Blog Post

Capturing Untapped Revenue through Hospital Quality Improvement: A Partnership Model for Implementing and Sustaining Change

Capturing Untapped Revenue Web

The shift to value-based care may be occurring more slowly than advocates would like. In a climate of escalating costs and lingering disruption from the pandemic, however, organizations that embrace alternative payment models stand to make significant financial gains in the short term—and set themselves up to be providers of choice as value-based payment models proliferate.

Consider this: as of 2020, 48.5% of commercial healthcare payments were directly tied to clinical quality metrics aimed at reducing costs, improving the health of populations, and enhancing the patient experience. Healthcare organizations are being increasingly incentivized through value-based payment arrangement, and there’s little doubt this will continue.

Partnering for Quality Improvement

Organizations that underestimate the scope of the transition to value do so at their peril. Improving and sustaining quality performance is a substantial organizational effort that hospitals frequently struggle to achieve independently.

In one such instance, ECG partnered with an academic health system (AHS) to implement technology-supported, evidence-based practices and processes to improve outcomes in the most challenging quality measures. ECG’s subject matter experts (SMEs) facilitated clinician/IT collaboration to design new, streamlined EHR documentation workflows that:

  • Incorporated evidence-based clinical care practices.
  • Accelerated outcome improvements.
  • Enabled real-time performance monitoring.

Overview of the Situation

The AHS wanted to reexamine its approach to achieving specific performance targets in one of its commercial insurer’s pay-for-performance (P4P) programs. Despite having numerous initiatives in place, the organization was still leaving millions of dollars on the table each year in P4P payments.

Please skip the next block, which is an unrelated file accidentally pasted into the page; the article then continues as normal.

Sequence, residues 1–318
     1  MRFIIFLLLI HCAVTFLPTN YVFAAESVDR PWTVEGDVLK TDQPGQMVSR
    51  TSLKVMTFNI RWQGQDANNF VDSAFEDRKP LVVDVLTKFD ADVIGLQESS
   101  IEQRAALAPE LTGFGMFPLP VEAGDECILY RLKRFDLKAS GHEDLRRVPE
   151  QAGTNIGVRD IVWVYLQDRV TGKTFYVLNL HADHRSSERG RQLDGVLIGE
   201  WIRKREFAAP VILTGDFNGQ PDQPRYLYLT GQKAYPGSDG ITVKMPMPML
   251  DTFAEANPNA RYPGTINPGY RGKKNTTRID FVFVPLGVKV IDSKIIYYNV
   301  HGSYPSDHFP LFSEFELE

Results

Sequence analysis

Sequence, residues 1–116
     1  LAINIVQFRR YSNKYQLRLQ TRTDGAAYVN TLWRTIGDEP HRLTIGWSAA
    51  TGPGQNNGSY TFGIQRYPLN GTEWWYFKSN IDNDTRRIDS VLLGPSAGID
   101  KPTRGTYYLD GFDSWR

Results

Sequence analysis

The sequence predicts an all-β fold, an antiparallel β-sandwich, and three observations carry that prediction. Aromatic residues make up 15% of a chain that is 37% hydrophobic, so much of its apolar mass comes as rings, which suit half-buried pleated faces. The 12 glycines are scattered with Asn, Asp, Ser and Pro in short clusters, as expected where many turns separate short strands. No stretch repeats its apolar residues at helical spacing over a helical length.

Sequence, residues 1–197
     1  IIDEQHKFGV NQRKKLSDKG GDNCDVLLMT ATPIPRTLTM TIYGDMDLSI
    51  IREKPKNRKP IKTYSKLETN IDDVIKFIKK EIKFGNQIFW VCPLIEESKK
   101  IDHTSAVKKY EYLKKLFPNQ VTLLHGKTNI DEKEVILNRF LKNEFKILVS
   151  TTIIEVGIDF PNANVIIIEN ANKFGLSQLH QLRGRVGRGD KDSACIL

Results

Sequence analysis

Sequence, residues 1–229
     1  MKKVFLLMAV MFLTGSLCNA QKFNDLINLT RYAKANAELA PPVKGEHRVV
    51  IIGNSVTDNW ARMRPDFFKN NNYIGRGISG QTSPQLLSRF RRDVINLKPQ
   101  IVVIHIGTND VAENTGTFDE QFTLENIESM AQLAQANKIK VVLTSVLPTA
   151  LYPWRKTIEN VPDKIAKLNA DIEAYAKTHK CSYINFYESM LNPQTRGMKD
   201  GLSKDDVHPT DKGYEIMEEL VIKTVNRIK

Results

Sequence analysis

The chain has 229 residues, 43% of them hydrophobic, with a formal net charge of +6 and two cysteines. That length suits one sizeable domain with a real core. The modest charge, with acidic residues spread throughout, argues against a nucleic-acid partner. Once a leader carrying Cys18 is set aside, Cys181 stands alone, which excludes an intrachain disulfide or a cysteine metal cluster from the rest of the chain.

In 2020, ECG partnered with the AHS to rapidly assess its approach to achieving those targets, with a focus on improving measures related to:

  • MRSA infections.
  • Surgical site infections (SSIs).
  • Appropriate use of emergency department (ED) and outpatient cardiac imaging.
  • Unplanned hospital readmissions.

We identified several barriers that impeded the AHS’s ability to implement significant and sustainable improvements:

Critical Success Factors

Taking a collaborative approach with our client led to the successful implementation of quality improvement (QI) initiatives.


Through this collaboration, our client achieved meaningful clinical, operational, and financial outcomes across the MRSA screening and intervention, SSIs, and imaging quality measures and will implement workflows to reduce unplanned readmissions later this year.

To sustain improvements, we worked with the AHS to improve its reporting infrastructure to manage real-time measure performance.

MRSA Screening and Intervention

Designed and implemented an inpatient MRSA screening and treatment interventions bundle, identifying patients with community-acquired MRSA (thereby reducing hospital-acquired attribution) and treating infected patients to reduce the in-hospital spread of MRSA.

SSI Reduction

Designed and implemented a pre-operative patient triage tool to identify patients at high risk for SSIs and provide evidence-based interventions to reduce patients’ risk of infection prior to surgery, while simultaneously ensuring appropriate antibiotic stewardship. The health system realized a 40% reduction in SSIs from July 2021 to June 2022.

ED Imaging Stewardship

Developed and implemented best practice guidelines for adult imaging in the ED through detailed process maps, educational materials, and socialization with providers to decrease unnecessary patient imaging.

Unplanned Readmissions Reduction

Designed, led, and implemented interventions to reduce unplanned readmissions, including integrating discharge planning and care coordination, enhancing discharge planning processes for patients with medium and high risk of readmission, addressing social determinants of health that impact readmissions, and increasing outpatient clinic availability to ensure timely postdischarge appointments for patients at risk of readmission.

Real-Time Reporting

Developed MRSA, SSI, and imaging quality measure reports to provide operational and clinical leadership with real-time performance data to ensure the health system had the tools and processes to sustain, and continue to improve, measure performance over time.

A Model for Change

As a result of this work, the AHS is projected to earn approximately $11.6 million in financial incentives over three years while simultaneously improving clinical outcomes and patient safety. ECG’s partnership model was essential in overcoming barriers to acheive these results.

Hospitals and health systems that similarly engage in QI efforts should implement the critical success factors above and, if needed, collaborate with an external partner to overcome barriers to improvement. These organizations will be well positioned to develop strong QI capabilities and realize sustained improvements across value-based care arrangements.

Here’s how ECG partnered with a health system to develop a telehealth strategy.

Learn More

Edited by: Matt Maslin